I am an educated man who knows how ignorant I am. However what I have read, reasoned and learned about the world and our existence is this: There is no such thing as nothing!
Presently, science is using mathematics, relativity, and quantum theory to study the very small, the very large, the newly discovered phenomena of dark matter and dark energy and seemingly empty spaces filled with stuff.
The Big Bang appears now not to be the beginning of everything but the relative beginning of what we now see around us now.
Because we are human and are “born” and “die”, we feel uncomfortable with endless infinity.
Our existence is filled with relative beginning and ending: Does life begin when sperm touches an egg or fertilizes it. Does death start when the heart stops. These are not definite.
In fact our so-called universe may have erupted from another universe and there may be other dimensions and parallel universes. All of this with no beginnings or endings except relatively speaking
So I do not believe God began. I believe God does not exist now or ever because there is no evidence for the existence of God.
But there is plenty of evidence for us and everything material but no evidence of any nothing.

Qingu's avatar

I agree with the idea that “there is no such thing as nothing.”

Even a vacuum, the closest thing we have to “nothing,” is a buzzing foam of quantum fluctuations. Any vacuum can still be described as a certain quantum state with vacuum energy.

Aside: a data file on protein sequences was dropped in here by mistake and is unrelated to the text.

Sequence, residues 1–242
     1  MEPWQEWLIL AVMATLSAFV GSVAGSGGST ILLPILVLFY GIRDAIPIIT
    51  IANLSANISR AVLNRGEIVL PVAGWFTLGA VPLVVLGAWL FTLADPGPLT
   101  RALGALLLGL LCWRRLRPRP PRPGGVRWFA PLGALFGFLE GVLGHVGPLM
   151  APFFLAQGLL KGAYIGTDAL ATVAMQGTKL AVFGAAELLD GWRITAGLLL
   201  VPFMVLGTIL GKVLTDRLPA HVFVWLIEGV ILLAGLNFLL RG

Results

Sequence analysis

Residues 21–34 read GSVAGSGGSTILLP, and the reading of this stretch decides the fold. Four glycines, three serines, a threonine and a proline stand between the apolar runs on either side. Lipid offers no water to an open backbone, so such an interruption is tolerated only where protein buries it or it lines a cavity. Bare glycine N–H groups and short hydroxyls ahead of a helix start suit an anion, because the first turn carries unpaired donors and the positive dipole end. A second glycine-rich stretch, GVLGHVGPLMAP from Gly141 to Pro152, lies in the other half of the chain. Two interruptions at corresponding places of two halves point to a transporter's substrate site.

And ancient religious folk seemed more comfortable with idea. In the Babylonian, Egyptian, Greek, and even ancient Hebrew myths (look at Genesis without Christian “ex-nihilo” interpretation), the act of creation is not something popping out of nothing. Creation is instead understood as a kind of sculpting of chaotic matter that had already existed. Yahweh creates by molding and shaping the chaotic waters that were there when he started creating.

Rarebear's avatar

I agree with the idea that “there is no such thing as nothing.”

I don’t. It is certainly possible that prior to the Big Bang (where there was no “prior”, actually) that there was nothing. It’s just that we can’t comprehend it, any more than we can comprehend infinity.

everephebe's avatar

I think the only way existence came into being, was through nothingness. I think it’s particularly because of nothingness that existence happened. So, I definitely believe there was nothingness before there was anything else. But, that’s just my theory.
I can expand upon this theory if you like.

Qingu's avatar

@Rarebear, if there is such a thing as before the big bang than the thing we are talking about is a thing, and not nothing.

Namely because it can be described by a time, and thus would (probably) have some energy and/or a quantum wavefunction associated with it.

Rarebear's avatar

@Qingu Yes, you are correct. If there was a thing “before the big bang” then we are talking about a thing. AFAIK Big Bang Theory has no “before” the big bang. Before that there was a singularity. This is a difficult concept for most people, including me, to swallow.

Qingu's avatar

The singularity is the earliest point, as most versions of the theories go. There is no “before” the snigularity.

Rarebear's avatar

@Qingu Yes, I know. That doesn’t mean I have to like it.